House of Terror

Andrássy út 60 [map]
Pest Centre, VI, Oktogon (M1, T4/6), 2 min

Recent Hungarian history doesn’t get a great deal of press, so a museum that really examines its brutal, fractured past has the potential to be of enormous value. The House of Terror, though, sounds more like a fairground ride. I wonder whether that’s just a translational blip or whether there’s some serious wrong-headed thinking afoot...

From the word go, imagery does most of the talking. In the entrance hall, two symbolic gravestones are dedicated to those who suffered at the hands of the Arrowcross (Hungarian fascists) and the AVH (Soviet secret police), both of whom used 60, Andrássy út as their headquarters. A little further in, a tank sits in a pool of water, surrounded by victims' faces. Then, in the first room of the exhibition, photographs of a forlorn Budapest flash before your eyes, as the city finds itself caught in the cross-fire of World War II. A specially composed soundtrack confirms that we're in Spielberg territory and therefore may not be getting the most balanced reading of history here.

Despite this, for the uninitiated there's a lot to glean about Hungary's past: the evaporation of much of her territory; the sense that history was under someone else's control; the replacement of one regime with another and with it the requirement to be a fascist one minute and a communist the next. Many of the issues facing modern Hungary can be traced back to these events.

Substance however comes a definite second to style. It’s no coincidence that Orwell’s 1984 springs to mind: there are flatscreen TVs everywhere, but only two carry English subtitles. As the museum unfolds along its predetermined route, the images just keep piling up, while the information never quite materialises. Certainly there are A4 pieces of paper that you can read along the way but they rarely reference the exhibits.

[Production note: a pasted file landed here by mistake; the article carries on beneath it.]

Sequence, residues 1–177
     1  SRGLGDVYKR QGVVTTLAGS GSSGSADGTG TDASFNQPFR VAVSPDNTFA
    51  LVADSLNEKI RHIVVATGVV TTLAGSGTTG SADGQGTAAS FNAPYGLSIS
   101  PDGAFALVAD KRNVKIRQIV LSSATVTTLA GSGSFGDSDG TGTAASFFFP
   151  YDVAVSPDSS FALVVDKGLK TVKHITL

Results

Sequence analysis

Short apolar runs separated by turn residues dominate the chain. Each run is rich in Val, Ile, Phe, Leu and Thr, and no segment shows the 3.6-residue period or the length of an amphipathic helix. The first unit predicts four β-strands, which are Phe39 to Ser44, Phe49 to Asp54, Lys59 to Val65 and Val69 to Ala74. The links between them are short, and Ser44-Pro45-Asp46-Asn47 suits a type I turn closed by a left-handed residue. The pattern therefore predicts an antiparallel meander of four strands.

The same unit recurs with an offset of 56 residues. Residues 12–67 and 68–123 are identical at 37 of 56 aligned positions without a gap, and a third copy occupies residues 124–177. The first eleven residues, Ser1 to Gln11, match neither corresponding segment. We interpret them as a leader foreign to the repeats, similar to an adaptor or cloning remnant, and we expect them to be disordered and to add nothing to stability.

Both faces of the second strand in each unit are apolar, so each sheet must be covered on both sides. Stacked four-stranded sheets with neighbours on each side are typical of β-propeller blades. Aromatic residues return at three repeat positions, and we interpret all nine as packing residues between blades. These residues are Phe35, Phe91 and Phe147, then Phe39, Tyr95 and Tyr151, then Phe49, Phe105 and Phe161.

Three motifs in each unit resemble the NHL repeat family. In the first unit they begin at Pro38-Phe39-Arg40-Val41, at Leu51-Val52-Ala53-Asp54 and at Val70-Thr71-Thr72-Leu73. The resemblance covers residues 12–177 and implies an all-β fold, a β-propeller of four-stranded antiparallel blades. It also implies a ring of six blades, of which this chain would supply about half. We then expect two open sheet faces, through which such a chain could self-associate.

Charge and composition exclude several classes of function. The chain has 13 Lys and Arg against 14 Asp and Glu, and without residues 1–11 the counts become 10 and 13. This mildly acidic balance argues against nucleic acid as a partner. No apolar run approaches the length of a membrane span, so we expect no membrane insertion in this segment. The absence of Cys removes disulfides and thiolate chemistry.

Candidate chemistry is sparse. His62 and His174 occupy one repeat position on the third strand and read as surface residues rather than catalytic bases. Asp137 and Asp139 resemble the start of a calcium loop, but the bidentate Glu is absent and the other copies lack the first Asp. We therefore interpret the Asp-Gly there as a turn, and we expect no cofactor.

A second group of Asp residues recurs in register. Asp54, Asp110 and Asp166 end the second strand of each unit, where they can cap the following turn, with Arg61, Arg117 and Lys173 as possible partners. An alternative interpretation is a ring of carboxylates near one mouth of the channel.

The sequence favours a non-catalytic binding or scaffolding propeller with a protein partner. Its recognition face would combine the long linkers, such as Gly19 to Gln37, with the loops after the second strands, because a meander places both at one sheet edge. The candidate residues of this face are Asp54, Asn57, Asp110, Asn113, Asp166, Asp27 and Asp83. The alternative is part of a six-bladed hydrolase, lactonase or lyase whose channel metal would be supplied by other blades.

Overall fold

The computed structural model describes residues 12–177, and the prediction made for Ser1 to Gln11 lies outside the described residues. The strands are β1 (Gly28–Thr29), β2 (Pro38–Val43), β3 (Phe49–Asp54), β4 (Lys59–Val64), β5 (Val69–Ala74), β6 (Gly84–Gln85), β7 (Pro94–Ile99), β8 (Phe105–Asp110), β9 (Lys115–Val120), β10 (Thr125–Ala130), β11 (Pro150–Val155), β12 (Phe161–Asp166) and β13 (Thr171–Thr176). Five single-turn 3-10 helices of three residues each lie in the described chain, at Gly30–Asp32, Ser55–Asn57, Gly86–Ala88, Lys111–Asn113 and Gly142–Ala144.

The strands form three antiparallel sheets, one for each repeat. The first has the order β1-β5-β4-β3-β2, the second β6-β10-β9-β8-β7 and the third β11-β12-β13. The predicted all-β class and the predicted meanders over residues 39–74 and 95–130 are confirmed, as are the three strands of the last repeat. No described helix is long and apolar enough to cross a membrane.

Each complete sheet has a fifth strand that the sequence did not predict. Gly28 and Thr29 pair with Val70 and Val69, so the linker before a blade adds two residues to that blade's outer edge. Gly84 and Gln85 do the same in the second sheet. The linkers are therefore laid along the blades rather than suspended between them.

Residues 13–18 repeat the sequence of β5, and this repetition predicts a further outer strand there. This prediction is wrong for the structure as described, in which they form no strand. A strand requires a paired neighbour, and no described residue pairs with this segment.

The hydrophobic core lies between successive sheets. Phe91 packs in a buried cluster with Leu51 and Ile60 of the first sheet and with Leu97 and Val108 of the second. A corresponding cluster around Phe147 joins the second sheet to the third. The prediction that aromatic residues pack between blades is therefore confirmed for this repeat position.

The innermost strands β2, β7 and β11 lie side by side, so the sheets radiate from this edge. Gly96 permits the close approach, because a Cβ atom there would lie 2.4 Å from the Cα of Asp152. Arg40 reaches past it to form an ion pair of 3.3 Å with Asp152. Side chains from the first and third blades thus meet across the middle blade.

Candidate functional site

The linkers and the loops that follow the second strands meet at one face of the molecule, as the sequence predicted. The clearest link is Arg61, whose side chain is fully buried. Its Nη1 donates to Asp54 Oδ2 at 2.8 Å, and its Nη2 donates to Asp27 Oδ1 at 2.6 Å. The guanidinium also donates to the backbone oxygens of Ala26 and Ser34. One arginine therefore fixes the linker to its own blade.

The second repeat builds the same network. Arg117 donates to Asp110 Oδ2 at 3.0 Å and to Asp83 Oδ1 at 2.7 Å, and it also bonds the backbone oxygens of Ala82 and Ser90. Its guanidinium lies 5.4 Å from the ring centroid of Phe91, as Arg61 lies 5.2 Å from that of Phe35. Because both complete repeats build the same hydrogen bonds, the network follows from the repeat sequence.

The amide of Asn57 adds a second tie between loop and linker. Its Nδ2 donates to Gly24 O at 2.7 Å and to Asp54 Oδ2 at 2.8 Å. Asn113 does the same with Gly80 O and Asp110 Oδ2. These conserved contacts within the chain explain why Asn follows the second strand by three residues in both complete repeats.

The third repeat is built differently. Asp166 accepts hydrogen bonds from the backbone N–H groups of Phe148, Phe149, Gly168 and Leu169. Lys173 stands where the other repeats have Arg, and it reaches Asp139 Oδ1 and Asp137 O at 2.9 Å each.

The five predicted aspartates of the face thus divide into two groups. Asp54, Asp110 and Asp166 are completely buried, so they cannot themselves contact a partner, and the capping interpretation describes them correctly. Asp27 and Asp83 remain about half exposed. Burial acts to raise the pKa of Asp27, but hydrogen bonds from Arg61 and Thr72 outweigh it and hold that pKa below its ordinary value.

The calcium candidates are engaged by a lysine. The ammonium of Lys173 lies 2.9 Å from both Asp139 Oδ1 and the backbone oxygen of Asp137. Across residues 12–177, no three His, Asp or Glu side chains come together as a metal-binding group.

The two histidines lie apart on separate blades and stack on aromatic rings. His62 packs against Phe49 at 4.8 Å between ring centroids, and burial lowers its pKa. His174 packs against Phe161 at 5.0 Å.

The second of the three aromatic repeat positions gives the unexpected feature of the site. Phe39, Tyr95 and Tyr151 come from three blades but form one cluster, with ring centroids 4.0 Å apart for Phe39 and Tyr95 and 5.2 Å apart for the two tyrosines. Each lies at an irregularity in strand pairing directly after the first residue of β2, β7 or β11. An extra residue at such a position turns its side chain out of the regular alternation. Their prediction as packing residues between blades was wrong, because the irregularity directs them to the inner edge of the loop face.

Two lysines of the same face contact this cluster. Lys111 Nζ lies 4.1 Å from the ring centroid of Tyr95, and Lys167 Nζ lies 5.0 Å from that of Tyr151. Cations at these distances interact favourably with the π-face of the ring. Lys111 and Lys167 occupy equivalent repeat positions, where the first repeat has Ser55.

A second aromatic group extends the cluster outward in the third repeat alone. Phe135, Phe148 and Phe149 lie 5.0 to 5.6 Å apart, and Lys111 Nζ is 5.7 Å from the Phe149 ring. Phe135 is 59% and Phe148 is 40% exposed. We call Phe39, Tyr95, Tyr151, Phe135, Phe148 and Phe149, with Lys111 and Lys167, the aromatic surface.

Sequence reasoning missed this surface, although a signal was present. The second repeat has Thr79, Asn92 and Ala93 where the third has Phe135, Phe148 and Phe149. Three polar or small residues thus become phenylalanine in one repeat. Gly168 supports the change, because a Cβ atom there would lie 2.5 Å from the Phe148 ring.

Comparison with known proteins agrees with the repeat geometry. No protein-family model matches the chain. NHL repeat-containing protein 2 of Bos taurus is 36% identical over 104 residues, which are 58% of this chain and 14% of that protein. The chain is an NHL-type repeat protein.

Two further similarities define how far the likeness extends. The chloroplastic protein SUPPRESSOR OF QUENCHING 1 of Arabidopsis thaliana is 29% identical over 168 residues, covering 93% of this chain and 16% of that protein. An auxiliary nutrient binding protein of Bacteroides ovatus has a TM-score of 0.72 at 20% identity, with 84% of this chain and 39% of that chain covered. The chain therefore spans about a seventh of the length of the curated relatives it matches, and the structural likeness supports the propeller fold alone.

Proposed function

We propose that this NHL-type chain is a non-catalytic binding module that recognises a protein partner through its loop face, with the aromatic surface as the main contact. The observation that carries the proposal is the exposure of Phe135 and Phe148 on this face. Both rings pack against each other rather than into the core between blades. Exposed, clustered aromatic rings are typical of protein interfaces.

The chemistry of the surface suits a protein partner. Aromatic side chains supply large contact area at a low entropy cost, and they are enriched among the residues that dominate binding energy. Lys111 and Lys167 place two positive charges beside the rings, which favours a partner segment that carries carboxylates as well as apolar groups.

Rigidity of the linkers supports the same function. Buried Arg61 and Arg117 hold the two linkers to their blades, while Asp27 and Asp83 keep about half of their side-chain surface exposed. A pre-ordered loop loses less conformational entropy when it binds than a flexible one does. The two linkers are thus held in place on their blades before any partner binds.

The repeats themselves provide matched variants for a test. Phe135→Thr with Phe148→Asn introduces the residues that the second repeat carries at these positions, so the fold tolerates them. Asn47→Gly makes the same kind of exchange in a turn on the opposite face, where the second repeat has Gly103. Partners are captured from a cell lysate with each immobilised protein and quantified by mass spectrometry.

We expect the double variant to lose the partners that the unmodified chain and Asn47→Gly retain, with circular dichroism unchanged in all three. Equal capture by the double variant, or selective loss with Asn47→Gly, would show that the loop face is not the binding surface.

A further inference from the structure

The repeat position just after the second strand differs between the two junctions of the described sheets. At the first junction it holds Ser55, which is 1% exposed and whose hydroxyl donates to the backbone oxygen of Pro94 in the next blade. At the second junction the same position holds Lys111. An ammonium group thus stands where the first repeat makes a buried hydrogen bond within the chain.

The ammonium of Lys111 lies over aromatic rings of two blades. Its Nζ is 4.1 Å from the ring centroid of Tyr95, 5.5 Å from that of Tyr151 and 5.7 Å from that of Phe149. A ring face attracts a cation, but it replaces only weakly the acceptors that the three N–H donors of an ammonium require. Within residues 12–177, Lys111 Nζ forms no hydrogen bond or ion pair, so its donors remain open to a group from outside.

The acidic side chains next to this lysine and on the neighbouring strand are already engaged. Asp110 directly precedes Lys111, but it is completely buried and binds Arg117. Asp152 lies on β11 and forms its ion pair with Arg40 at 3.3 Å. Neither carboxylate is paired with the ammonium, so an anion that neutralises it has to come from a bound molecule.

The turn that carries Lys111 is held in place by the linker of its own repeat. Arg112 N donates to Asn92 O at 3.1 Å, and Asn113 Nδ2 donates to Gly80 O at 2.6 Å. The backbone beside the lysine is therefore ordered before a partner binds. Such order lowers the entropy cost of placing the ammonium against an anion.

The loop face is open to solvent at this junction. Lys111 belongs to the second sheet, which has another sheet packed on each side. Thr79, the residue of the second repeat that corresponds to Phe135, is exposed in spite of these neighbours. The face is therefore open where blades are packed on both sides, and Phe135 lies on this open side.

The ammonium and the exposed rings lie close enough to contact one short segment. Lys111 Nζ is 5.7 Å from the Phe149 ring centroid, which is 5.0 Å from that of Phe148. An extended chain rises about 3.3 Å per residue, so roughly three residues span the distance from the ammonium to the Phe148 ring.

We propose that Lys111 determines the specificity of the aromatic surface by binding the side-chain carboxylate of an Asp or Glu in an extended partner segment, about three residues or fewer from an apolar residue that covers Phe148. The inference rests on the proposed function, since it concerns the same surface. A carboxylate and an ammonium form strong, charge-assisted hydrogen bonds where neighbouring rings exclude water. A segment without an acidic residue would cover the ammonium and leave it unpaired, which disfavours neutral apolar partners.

Design continues to outstrip appropriateness. The deliberately sluggish three-minute journey down to the basement, accompanied by the description of a hanging is presumably supposed to be touching. In reality it’s in pretty bad taste and, in a lift crammed with people, is close on ridiculous.
Finally we arrive at the prison cells in the basement, which should make me feel something, since the brutality really happened here. But it's too late. Perhaps if I hadn’t known that they were reconstructed, perhaps if the rest of the museum had been a little more balanced, a little less slick...

The House of Terror has often been accused of being a politically motivated project, an attempt to discredit the Socialist party, having been commissioned by the old Fidesz government. Of course, others say that the Socialists would rather pretend that none of it ever happened. Where the truth lies is hard to say, but certainly, a wall of photos of victims of the AVH, followed by a wall of Communist Party members does seem a lot like finger-pointing and, as with the rest of the museum, doesn't do much for impartiality.

Walk up Andrássy út from Oktogon and the House of Terror is on the left after two blocks: a normal looking building painted entirely in pale blue and framed with the word TERROR.
Terrorhaza, Terror Háza, Terrorháza, Terrorhouse
Andy Sz.



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